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on 19 November 2013
Amazon's own synopsis (under "product information" on the main page) is excellent and reliable. An unexpected reward are the collected opinions of the Russian people themselves on the macro-topics presented, giving the results of population surveys on questions such as "Is democracy good or bad? What are its advantages and disadvantages? ('windbaggery & demogoguery" is the leading response to the latter in the survey quoted). Certainly the Russian people are not western democrats to the core who will gratefully come to full flower once authoritarian controls are removed. Historical developments have put the Russian experience in its own compartment and it's largely incomprehensible to westerners. In addition to emotionally neutral tables of statistics on a wide range of crucial topics, there's a generous helping of the paticularistic effects of crime, poverty, housing shortages, corruption of governmental agencies & the like on ordinary people. There's an immensely revealing profile of Yeltsin and his (very "Russian"?) character and way of governing & living that is startling in the amount of chaos it contains. Another sensational section provides heaps of human interest details on the extravagances and boorishness of oligarch behavior that is described in detailed terms recalling the unrestrained flood of chaos of Ivan the Terrible. One oligarch worth tens of billions had a custom-made yacht built that's 2/3 the size of the Titanic and has its own built-in anti missle system. Costs of restaurant and wine expenses have been documented ($650 a bottle, single cocktails at $100 each) and a maitre de observed, "Western guests don't come here, they can't afford it." Their sex drenched entertainment venues are also described. When this heedless and seemingly endless wealth is contrasted with the ghastly and worsening poverty that is described for particular cases, one is entitled to the suspicion that a sense of collective responsibility is not even a blip on the pattern of boisterously throwing money around by the bushel. Surprising to westerners is that these national patterns of vehemence and misery do not move the Russian population to want to desperately rush toward and embrace existing western democracy on its own terms. Sufficient facets of the Russian character are examined to shed light on the nature of Russian discontents, their views on reforms and their distinctive (and to us, obscurantist) response patterns riddled with the expectation of authoritarianism.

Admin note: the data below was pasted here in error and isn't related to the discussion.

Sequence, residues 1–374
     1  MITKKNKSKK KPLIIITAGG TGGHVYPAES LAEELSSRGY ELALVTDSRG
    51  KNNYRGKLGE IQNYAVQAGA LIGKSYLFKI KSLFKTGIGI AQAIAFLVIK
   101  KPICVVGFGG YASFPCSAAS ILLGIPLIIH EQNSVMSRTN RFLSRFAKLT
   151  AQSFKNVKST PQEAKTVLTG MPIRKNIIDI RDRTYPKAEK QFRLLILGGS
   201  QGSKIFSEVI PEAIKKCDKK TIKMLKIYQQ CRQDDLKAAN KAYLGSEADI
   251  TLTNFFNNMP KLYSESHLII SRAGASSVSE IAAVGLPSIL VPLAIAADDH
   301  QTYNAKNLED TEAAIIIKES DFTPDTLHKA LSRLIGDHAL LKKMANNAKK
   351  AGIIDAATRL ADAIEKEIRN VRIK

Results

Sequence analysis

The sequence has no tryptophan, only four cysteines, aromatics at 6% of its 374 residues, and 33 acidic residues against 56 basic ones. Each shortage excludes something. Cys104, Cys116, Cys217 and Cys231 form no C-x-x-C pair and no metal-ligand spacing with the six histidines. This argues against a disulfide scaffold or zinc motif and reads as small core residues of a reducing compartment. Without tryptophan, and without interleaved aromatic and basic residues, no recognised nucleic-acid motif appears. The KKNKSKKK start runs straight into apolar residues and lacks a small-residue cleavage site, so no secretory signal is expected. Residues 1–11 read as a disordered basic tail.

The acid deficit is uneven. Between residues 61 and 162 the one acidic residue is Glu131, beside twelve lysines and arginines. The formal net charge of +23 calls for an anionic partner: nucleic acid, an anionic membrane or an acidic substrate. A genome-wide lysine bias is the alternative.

The nature and specifics of Putin's rule are well described and these, like the entire book are well chosen, deftly organized, lucidly written and offer smooth reading.

Despite its title this is not a book the focuses on the narrow topic of elites jockeying for power with boring lists of committee names, chairman's names and power chains. The material is of a broad nature rich with abundant insights into the Russian character and the otherwise unheard voices of the Russian people.

The book does not take the position that western reforms are indicated or even desirable (i.e., feasible). It treats the Russian experience as a phenomenon with its own distinctive trajectory and character. It is what it is. Some problems have no solutions and the politics described in this book seems to accept this, as do vast sectors of the population.

I don't see this as a reference book, but as more of an eye opener for the serious, general reader who will put together solid generalizations about Russia the Enigma and keep these intact as time passes. One fast moving reading will be enough.
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on 8 July 2016
This is an amazing book for anyone studying Russian or comparative politics.

Written by Professor Stephen White, a lecturer at the University of Glasgow who is a key voice in Russian politics, this book does not treat Russian politics with a typical western bias, rather a deep understanding of the sociology around Russia's politics.

In addition, the book references several other books in each chapter which provides you with the key texts you should be reading for each topic.

Especially worth a read is the chapters on the electoral system as this is his area of expertise!
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